Ice volcanoes spotted on Pluto’s surface by NASA’s Horizon’s mission mean conditions may exist within the dwarf planet to support extraterrestrial life. Before Horizon, researchers believed Pluto was most likely inert. However, these newly spotted ice volcanoes were likely formed relatively recently due to the lack of impact craters in and around them.
EXTRATERRESTRIAL LIFE TARGET LIST KEEPS GROWING
Ever since NASA’s Viking landers first sampled the Martian soil back in 1976, the space agency has increased its efforts to find signs of life beyond Earth. Numerous satellites and rovers have combed the Martian surface to finally prove it had a watery past capable of supporting microbes. The Perseverance Rover is currently stashing away the most tantalizing samples for a future mission that will bring them back to Earth for closer analysis.
This surprising announcement that Pluto also has underground water that forced its way to the surface means there may be enough energy-generating activity for life to take hold there.
LOTS OF CHALLENGES FOR E.T. WITHIN PLUTO
“We found a field of very large icy volcanoes that look nothing like anything else we have seen in the solar system,” study author Kelsi Singer, a senior research scientist at the Southwest Research Institute, told CNN.
These ice volcanoes on Pluto indicate that tectonic activity underneath the surface likely heated a large amount of water, forcing it to the surface where it almost instantly froze. The result is the domes spotted by Horizon.
“The icy material was probably more of a slushy mix of ice and water or more like toothpaste while it flowed out of a volcanic vent onto the surface of Pluto,” said Singer. “It is so cold on the surface of Pluto that liquid water cannot remain there for long. In some cases, the flow of material formed the massive domes that we see, as well as the lumpy terrain found everywhere in this region.”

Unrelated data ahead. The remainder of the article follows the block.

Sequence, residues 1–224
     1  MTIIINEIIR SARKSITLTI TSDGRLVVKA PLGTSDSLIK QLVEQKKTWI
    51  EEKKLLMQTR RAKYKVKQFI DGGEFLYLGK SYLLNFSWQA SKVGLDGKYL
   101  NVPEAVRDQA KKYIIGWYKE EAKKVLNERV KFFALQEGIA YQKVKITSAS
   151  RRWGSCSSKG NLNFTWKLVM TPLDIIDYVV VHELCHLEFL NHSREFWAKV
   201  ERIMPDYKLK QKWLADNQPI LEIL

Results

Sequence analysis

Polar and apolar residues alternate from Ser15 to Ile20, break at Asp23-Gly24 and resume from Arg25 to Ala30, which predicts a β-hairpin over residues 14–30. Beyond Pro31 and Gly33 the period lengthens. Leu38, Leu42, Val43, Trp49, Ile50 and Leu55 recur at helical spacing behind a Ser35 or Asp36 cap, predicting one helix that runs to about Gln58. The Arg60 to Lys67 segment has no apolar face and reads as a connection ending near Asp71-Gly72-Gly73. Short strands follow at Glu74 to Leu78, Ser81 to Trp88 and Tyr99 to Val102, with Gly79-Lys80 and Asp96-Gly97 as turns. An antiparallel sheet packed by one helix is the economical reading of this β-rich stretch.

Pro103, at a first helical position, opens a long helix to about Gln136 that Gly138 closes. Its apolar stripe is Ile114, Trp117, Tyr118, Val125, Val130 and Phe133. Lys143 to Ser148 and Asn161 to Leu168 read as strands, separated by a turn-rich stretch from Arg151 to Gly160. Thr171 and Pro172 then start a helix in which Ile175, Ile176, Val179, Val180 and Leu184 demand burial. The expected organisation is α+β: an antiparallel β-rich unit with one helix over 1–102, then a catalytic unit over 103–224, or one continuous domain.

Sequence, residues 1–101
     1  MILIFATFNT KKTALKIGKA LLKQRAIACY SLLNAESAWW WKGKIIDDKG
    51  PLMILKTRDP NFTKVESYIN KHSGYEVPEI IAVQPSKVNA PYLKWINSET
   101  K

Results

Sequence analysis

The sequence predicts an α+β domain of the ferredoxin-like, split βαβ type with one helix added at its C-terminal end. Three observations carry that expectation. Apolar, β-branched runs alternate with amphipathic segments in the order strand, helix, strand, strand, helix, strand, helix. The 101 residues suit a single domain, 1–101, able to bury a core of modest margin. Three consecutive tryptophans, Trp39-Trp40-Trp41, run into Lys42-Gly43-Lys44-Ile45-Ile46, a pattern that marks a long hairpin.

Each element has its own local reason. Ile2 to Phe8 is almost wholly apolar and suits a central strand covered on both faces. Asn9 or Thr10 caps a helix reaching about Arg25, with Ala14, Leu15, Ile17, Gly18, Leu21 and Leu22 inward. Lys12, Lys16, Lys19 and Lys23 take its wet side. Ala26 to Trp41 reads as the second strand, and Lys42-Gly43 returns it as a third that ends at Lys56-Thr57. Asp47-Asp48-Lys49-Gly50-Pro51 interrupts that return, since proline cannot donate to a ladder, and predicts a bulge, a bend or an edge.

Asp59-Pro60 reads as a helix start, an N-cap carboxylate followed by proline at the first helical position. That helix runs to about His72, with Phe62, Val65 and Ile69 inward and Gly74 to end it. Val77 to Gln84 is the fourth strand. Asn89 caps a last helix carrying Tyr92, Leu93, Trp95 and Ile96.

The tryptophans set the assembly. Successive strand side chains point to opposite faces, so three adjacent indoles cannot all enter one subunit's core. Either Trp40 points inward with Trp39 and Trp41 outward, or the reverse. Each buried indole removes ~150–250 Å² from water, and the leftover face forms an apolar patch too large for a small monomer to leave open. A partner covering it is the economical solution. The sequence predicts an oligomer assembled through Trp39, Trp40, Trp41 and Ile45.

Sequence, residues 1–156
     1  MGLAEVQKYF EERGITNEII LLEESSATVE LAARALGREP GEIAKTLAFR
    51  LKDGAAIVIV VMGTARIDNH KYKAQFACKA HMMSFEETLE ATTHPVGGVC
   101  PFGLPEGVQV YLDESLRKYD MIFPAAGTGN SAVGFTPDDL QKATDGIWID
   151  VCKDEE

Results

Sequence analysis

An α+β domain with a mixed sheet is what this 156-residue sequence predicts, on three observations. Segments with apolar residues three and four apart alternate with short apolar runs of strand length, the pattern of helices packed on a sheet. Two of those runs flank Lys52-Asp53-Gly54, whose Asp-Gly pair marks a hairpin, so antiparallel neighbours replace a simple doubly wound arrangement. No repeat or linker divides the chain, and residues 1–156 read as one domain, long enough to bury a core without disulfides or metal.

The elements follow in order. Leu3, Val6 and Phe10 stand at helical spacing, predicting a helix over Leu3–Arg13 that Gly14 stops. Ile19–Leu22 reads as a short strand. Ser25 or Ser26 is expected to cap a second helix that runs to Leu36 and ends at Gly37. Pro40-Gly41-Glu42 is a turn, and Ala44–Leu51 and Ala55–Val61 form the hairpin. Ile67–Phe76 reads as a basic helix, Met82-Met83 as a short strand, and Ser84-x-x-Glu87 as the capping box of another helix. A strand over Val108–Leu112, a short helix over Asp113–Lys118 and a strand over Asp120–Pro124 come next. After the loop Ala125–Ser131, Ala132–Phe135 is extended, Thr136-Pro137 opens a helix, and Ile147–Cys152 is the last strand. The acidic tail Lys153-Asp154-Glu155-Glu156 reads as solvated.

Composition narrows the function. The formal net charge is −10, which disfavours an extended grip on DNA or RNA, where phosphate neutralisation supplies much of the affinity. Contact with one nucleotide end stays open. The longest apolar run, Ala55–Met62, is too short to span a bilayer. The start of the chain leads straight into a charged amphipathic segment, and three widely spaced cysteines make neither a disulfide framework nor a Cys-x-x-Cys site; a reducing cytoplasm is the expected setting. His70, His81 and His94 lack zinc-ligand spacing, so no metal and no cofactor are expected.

That lumpy terrain makes scientists believe these eruptions must have happened relatively recently, at least in geological time, since the rest if the planet is mostly covered in impact craters.
“They could be like volcanoes on Earth that remain dormant for some time and then are active again,” explained Singer.
So, does news that Pluto may have volcanic activity (and subsurface water) mean that astronomers and astrobiologists who search for life beyond Earth have to add Pluto to their list?
“There are still a lot of challenges for any organisms trying to survive there,” said Singer. “They would still need some source of continual nutrients, and if the volcanism is episodic and thus the heat and water availability is variable, that is sometimes tough for organisms as well.”
Nonetheless, the mere presence of the ingredients needed to form ice volcanoes on Pluto means that some hardy form of life may have taken hold within the dwarf planet.
FUTURE MISSION COULD PEER DIRECTLY INTO PLUTO
Given the vast distances involved, no follow-up mission to Pluto is on NASA’s current slate. However, the discovery of ice volcanoes inevitably adds the dwarf planet to the list of places astronomers believe life may exist, a list that only seems to get longer. However, if such a mission was approved, Singer has some suggestions.
“If we did send a future mission, we could use ice-penetrating radar to peer directly into Pluto and possibly even see what the volcanic plumbing looks like,” she said, perhaps betraying her hopes to explore the planet further.
Follow and connect with author Christopher Plain on Twitter:@plain_fiction